Writer's Block

You know you need to write, but you keep putting it off. You sit down before the keyboard, and you can’t think of anything worthwhile to write. You try to write something–anything, and it just doesn’t seem good enough. What to do?

These are typical signs of writers block. It can happen to any writer at any time–especially when you least expect it or are under the gun to meet a deadline. That last statement may provide a hint. Stress may be a major component of developing a writer’s block. The more the stress levels, the greater the block; the more the block, the greater the guilt; the more the guilt, the greater the stress, and now we’re into a dog chasing his tail scenario.

Let’s take a look at this subject from a:

•Generic point of view

•Fiction problems

•Nonfiction problems

•Some helpful tips

Generically speaking, there are several aspects that hold for all styles of writing. I’ve already mentioned stress, which is easy to understand–the greater the stress levels, the greater the blockage. Another problem is burn-out. If we have been working too hard for too long at too many things, a sudden case of writers block is nature’s way of saying, “Chill out, Baby.” Take break or even a short vacation from writing. You should be aware that it’s sometimes difficult to climb back into the saddle, so watch for that.

Another common problem among some writers is perfectionism. I used to watch one of my daughters agonize for hours over a 3-page school assignment. She would sit in front of her computer, staring at the screen and typing nothing. Why? She was attempting to write the paper in her head, trying to say and arrange everything just so before committing it into the computer. I finally would urge her to write anything, think about it, and then go into edit or rewrite mode. That seems like such an obvious thing to do, but you need to understand how obsessive perfectionists can be. They fear making any “mistakes.” If what you write doesn’t seem perfect, you need to lighten up. I was famous for saying, “It’s good enough for government work,” as a joking way of keeping a workable perspective when I labored in the Army’s bureaucracy, especially if I was under a deadline.

Now, lets look at some specific challenges to fiction writing:

Remember there are two major types of writers: outliners and seat-of-their-pants. Outliners have the advantage of a framework or road map to follow. If they fall into a block situation, it’s easier for them to pick back up where they left off. If that doesn’t seem to work, allow your muse to come into play. The blockage may have been a way for your subconscious mind of telling you to rethink your outline and its direction. Seat-of-their-pants writers can become lost in a maze of too many possibilities and fear of committing to a specific direction. Try outlining a direction and see if that helps. Maybe try comparing two or several short outlines and select one that seems interesting and feasible.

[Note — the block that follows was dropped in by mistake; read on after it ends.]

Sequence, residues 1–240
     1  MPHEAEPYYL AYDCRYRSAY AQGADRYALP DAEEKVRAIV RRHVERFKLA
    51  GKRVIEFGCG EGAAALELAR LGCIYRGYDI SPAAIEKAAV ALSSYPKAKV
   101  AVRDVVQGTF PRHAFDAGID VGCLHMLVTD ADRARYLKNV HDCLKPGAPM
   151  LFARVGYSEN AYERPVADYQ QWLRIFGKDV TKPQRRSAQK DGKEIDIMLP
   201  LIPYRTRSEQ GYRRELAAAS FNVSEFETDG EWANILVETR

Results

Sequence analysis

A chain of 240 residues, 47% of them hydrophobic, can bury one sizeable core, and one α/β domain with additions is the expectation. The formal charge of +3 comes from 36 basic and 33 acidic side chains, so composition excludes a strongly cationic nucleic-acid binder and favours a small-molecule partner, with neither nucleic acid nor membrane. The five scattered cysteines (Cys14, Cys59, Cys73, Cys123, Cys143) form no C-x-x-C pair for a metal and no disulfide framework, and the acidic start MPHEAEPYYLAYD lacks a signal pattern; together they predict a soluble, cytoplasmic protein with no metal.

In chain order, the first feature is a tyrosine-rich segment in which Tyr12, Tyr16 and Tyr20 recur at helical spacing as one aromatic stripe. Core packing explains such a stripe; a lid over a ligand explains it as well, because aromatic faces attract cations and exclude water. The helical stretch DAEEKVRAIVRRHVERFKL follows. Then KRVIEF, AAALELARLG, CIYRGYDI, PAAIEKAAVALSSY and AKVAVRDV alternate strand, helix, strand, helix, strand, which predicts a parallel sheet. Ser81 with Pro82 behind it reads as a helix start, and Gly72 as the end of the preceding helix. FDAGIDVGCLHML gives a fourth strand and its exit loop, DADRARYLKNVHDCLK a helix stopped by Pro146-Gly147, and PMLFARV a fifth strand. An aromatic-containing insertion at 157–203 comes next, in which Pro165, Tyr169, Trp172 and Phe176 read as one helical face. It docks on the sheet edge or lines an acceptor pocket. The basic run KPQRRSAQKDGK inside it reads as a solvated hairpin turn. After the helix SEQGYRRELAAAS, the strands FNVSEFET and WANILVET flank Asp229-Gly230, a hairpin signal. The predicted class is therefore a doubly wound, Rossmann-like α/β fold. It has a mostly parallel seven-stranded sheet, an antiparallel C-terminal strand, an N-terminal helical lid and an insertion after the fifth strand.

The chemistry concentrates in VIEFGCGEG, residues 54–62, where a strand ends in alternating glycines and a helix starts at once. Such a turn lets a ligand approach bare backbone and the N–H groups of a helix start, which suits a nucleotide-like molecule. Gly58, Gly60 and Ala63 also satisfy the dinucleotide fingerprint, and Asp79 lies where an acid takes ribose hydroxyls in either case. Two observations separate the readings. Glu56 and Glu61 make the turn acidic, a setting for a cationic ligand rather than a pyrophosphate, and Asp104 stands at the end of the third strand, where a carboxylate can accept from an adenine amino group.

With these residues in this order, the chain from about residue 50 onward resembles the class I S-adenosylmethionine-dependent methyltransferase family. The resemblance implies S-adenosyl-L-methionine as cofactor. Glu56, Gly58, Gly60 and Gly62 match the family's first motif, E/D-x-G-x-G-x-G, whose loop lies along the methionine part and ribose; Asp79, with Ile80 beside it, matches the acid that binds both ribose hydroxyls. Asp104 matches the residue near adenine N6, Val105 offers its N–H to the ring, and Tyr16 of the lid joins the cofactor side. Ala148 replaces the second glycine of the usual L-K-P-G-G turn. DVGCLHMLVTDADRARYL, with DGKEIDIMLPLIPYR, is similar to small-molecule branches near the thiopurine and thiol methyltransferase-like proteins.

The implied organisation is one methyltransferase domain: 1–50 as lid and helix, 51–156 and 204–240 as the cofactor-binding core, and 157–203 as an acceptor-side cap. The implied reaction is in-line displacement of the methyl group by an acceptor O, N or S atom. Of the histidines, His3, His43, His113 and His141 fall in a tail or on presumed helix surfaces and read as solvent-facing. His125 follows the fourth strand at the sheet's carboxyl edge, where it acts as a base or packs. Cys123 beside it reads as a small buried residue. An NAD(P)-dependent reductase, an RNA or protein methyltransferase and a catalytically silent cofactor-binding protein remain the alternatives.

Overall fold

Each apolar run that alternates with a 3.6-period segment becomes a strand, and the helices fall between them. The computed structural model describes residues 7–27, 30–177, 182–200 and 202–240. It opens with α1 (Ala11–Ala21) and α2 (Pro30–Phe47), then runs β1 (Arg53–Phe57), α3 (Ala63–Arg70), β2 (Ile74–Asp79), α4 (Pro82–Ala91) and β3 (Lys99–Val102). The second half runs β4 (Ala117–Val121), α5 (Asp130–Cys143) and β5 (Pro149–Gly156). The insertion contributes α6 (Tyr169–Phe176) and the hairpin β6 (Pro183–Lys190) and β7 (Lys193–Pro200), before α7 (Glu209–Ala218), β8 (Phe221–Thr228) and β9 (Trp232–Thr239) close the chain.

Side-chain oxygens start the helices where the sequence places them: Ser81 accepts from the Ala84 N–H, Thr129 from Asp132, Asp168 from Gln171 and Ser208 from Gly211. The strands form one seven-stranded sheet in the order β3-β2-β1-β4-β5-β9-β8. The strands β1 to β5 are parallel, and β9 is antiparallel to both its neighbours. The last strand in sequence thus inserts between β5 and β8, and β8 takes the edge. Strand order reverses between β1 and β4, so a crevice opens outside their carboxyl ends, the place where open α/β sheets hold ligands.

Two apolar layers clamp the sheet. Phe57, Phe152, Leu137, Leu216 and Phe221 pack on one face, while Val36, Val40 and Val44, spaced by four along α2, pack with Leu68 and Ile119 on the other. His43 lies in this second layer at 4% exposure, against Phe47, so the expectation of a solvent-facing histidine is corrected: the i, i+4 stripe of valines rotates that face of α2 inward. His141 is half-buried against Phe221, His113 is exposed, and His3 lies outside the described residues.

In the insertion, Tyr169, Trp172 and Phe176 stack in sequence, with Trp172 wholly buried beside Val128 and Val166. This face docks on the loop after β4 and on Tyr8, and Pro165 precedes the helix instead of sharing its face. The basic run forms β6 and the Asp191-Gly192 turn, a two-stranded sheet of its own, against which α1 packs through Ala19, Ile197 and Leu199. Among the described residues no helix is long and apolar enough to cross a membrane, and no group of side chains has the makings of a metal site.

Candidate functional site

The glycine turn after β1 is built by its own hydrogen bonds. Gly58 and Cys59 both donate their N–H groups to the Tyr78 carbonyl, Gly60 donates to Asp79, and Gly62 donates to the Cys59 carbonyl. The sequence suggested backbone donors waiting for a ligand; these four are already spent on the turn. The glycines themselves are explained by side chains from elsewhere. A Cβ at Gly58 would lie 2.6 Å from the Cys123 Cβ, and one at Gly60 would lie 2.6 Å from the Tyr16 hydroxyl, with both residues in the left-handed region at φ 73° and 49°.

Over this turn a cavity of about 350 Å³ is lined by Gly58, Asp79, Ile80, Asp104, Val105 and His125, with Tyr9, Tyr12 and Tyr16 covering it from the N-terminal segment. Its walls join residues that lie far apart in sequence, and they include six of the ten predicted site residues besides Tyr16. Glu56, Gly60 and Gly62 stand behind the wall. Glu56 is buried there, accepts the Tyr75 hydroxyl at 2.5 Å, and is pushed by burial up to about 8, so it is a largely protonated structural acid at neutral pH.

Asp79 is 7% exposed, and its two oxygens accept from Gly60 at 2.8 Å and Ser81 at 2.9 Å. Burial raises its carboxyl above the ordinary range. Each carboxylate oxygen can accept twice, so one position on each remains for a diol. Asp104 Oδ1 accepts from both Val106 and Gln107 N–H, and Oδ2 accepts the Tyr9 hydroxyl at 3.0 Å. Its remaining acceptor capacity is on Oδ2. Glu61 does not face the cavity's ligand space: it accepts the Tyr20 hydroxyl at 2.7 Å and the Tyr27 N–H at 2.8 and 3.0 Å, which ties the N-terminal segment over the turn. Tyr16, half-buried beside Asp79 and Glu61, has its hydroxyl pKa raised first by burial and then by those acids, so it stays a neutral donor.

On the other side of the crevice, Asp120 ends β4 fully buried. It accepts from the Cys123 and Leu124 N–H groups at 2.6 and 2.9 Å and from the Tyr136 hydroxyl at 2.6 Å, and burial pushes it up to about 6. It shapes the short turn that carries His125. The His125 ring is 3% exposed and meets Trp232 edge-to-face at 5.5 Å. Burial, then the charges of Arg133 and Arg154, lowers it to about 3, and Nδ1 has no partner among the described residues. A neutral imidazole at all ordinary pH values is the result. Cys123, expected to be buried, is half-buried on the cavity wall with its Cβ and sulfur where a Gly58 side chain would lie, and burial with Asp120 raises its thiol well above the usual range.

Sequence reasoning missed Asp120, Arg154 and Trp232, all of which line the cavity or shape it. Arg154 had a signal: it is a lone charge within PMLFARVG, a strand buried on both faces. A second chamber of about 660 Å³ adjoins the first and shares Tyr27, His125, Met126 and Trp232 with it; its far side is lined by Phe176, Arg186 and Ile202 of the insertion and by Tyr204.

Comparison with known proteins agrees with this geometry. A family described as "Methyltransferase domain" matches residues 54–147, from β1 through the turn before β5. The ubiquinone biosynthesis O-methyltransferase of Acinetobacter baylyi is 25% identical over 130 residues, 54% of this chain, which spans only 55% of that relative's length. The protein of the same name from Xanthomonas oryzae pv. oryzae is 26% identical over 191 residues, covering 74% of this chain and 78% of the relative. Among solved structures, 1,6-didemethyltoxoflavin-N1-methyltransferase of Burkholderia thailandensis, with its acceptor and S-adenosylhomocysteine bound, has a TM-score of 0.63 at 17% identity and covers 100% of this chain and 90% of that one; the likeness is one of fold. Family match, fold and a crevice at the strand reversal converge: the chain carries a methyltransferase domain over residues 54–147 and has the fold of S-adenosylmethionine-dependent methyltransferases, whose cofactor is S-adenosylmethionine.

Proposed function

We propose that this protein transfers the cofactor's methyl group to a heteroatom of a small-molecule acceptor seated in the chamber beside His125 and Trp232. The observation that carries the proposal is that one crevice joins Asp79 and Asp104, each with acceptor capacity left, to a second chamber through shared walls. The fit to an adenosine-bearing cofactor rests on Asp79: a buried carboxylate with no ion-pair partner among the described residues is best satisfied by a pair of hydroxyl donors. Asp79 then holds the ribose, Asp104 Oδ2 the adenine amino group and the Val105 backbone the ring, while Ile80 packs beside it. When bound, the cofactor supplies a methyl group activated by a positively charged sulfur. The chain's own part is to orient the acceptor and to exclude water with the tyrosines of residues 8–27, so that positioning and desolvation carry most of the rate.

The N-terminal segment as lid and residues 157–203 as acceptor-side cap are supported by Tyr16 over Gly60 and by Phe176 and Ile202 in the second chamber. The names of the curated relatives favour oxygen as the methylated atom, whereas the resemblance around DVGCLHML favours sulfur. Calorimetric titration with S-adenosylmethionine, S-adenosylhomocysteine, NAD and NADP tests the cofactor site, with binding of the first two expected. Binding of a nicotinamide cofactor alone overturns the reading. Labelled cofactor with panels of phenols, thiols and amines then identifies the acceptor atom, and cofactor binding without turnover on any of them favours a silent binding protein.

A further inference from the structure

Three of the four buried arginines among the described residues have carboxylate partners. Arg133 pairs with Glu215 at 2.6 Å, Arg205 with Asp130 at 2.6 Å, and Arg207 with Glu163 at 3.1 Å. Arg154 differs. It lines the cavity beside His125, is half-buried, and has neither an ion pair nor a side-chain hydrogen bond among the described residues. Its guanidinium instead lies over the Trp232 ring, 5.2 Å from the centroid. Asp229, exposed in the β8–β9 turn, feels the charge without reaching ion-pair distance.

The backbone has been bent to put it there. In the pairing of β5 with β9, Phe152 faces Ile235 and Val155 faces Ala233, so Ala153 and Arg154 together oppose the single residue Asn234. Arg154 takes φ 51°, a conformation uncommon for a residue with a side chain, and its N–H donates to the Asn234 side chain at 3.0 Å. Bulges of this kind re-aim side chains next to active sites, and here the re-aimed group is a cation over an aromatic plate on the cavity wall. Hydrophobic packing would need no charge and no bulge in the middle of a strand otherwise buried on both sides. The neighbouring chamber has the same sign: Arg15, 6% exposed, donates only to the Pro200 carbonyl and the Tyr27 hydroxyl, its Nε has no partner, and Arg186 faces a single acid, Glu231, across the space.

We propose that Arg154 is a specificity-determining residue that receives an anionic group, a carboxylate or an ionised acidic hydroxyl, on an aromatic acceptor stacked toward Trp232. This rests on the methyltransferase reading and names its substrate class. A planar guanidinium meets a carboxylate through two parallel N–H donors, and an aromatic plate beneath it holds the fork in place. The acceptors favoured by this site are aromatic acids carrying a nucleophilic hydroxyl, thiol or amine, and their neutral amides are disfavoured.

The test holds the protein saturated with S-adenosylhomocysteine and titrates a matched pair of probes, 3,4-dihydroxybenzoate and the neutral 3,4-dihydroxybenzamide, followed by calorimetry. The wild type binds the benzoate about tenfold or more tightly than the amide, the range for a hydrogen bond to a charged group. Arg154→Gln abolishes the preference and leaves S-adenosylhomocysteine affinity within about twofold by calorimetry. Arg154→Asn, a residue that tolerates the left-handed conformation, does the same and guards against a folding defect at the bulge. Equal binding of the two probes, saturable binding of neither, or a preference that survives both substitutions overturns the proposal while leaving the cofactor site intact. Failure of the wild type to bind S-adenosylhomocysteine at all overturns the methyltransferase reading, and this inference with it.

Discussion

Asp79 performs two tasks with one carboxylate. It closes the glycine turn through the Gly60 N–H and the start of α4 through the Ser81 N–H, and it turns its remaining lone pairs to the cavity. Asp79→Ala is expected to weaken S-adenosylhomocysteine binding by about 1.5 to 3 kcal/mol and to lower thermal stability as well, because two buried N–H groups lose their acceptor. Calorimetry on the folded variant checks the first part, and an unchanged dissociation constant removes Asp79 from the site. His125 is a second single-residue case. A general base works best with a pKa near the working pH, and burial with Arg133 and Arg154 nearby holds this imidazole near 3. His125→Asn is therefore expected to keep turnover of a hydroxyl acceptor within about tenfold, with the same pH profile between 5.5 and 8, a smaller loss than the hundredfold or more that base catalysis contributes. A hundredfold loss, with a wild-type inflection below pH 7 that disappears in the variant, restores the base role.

In other words, whichever style of writer you are, experiment with the other approach a little. See if that spices you up a little.

Nonfiction writing problems often come from perfectionism. Some scientists I have known had a difficult time coming to closure with a problem or issue. They would research a topic to death, looking for that perfect solution just over the next hill. There comes a time when you just have to say, “Enough!” It’s time to get on with the writing part, whether it’s a plan, a report, a thesis, or whatever. Again, outlining seems to be a good way to overcome a block. I used to free flow ideas and topics germane to my subject and its intended audience. Then I would rearrange them in some sort of logical order. I would then try to determine their completeness and add or take away that which was appropriate to the process. Once the outline was developed, it was just a matter of filling in the white spaces in between the topics. This approach tends to pull one through a project in a workable manner, lending less probability to developing writers block.

Tips for Overcoming Writers Block

Create a special space for your writing activities: my home office serves this function, and I usually can recover and remain free from blockages here. The other place I have is on the floor of my bookstore, which doesn’t work very well for the following reason.

Eliminate distractions: Ringing phones, constantly checking emails, and customers interruptions (in my case) easily can destroy a whole day of writing opportunities. I get so frazzled, I find myself playing solitaire in deference to writing.

Adjust your perspective about writing: Don’t let writing be your only reason for living. It’s only one activity of many that add meaning and spice to your life. The world won’t stop turning if you take a break occasionally.

Set goals free of guilt and remorse: Setting word-count goals are helpful for keeping on track as long as they are reasonable and flexible. Try to keep the guilt factor down. If you don’t meet your goal for the day, so what? At least you made some progress. In addition to setting goals, try to schedule down time and relaxing activities so that burn out doesn’t happen.

Chat with other writers: I’ve mentioned before that writing is a lonely career track. Try to join with other writers, both on line and in person, in a regular manner. We understand one another and are always ready to lend support.

Now, get back to your writing!


This is a cross-posting from Bob Spear‘s Book Trends blog.

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